As discussed in Major Themes, Victor Frankenstein is allegory for the mythical figure, Prometheus. As the latter stole fire from the gods and was punished for it, so did the former discover the secret to creating life, and subsequently suffer for it.
Shelley intersperses quotations from and references to poetry throughout the novel, adding a level of artistic awareness to a novel that purports to be testimonial in nature.
Frankenstein's creation of the monster can be read as an allegory for the creation story from Genesis, of God creating Adam. As is the case in that story, Frankenstein forms the creature in his image (i.e., that of a human -- albeit grotesquely), and animates the creation.
The novel is deeply concerned with evidence and direct testimony with respect to events. As such, proof of communication between people is often conveyed in the form of letters, both within the story (e.g., the monster showing letters from his upbringing to Frankenstein) and in a reflexive context (i.e., the most direct interface between the reader and narrative is the collection of Walton's letters to his sister).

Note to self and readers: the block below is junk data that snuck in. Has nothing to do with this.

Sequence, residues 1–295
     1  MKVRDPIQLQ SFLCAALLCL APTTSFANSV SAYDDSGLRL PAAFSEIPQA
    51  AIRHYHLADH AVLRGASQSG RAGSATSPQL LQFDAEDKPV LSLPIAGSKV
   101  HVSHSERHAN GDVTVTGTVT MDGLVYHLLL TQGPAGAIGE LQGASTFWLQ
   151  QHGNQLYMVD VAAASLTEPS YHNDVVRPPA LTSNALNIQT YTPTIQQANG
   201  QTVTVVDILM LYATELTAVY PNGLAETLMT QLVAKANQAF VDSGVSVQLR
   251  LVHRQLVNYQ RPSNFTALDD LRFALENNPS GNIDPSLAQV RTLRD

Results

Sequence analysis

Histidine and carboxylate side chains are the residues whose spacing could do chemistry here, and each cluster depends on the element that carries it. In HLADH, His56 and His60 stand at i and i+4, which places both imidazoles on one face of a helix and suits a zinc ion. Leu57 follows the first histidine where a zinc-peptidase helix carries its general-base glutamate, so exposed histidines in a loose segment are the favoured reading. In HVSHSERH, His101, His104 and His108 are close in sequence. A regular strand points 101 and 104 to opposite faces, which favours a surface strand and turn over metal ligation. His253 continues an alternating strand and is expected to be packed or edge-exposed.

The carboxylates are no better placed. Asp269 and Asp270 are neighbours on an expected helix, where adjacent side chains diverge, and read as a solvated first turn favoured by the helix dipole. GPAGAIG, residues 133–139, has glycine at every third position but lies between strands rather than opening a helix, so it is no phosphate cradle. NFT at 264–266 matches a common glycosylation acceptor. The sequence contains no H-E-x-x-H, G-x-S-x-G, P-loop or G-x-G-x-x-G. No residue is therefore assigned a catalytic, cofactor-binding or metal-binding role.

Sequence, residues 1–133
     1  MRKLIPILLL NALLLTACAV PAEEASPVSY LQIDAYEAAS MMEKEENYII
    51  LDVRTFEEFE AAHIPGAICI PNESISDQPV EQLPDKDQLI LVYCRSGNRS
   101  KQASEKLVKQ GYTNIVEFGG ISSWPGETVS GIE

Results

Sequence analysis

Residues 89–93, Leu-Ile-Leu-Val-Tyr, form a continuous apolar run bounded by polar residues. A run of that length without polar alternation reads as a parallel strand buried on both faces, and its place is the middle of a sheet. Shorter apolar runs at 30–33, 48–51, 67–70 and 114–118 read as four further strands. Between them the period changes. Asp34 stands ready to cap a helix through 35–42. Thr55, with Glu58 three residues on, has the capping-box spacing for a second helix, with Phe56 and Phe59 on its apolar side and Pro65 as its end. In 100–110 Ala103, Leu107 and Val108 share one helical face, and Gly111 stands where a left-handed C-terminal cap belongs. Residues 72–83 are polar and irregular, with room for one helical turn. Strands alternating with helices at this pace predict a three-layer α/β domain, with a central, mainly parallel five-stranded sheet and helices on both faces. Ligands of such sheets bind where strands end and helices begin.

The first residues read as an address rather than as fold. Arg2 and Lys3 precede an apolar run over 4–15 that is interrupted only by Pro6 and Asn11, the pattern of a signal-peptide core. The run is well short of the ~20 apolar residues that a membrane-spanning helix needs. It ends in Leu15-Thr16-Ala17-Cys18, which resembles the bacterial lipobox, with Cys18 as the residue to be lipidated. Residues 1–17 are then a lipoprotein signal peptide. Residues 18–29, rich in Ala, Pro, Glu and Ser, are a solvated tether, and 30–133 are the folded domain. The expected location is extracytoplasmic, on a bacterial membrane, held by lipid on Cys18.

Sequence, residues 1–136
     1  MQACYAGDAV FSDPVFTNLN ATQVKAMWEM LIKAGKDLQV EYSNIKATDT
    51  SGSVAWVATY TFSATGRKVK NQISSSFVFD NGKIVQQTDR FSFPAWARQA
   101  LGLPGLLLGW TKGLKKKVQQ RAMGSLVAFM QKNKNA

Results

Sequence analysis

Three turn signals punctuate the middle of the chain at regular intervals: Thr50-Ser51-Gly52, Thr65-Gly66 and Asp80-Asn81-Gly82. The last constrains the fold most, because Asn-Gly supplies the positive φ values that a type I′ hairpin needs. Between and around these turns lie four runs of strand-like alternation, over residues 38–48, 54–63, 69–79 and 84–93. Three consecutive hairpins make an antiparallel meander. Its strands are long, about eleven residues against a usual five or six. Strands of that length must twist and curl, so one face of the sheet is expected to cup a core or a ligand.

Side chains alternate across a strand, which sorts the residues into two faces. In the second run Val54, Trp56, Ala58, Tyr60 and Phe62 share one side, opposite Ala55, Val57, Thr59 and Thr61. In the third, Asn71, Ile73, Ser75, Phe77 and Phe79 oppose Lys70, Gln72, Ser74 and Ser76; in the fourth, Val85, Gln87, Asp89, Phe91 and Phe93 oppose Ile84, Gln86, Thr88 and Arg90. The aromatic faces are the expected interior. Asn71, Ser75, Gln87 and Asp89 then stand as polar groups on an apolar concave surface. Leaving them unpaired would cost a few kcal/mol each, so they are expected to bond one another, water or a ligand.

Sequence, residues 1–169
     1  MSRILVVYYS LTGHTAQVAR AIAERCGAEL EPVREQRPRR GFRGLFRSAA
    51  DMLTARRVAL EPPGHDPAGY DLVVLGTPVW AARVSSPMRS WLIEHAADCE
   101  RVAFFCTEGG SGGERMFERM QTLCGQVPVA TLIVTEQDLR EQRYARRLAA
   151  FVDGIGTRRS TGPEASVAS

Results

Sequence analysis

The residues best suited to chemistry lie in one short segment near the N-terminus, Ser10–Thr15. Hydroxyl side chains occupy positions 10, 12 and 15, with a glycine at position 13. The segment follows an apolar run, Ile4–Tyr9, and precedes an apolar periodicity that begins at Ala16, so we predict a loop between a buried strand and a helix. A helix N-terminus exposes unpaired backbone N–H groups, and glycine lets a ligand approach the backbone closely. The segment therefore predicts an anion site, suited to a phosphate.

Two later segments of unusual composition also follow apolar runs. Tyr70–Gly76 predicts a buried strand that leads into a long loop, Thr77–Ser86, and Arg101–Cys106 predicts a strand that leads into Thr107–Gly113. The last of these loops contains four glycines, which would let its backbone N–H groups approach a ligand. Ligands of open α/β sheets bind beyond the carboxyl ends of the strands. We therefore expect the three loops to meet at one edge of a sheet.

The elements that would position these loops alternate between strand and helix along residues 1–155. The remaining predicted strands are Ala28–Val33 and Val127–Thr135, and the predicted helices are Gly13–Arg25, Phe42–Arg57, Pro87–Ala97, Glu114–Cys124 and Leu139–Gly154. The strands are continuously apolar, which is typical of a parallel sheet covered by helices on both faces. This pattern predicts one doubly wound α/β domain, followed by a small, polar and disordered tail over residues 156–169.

The novel is explicitly retrospective on every level: Walton is recounting events that have already happened in his letters to his sister; Frankenstein is recounting his history to Walton; the monster is recounting his past to Frankenstein. As such, the tone of the narrative is generally very self-aware and reflective -- expressing regret over what happened; imagining how events might have gone differently; and so forth.
Frankenstein Questions and Answers
The Question and Answer section for Frankenstein is a great
resource to ask questions, find answers, and discuss the novel.
In Chapter Five, the three main characters are Victor, Henry Clerval, and Victor's monster. The main idea of this chapter is the culmination of Victor's experiment and the attainment of is dream.... a dream that quickly turns into a nightmare....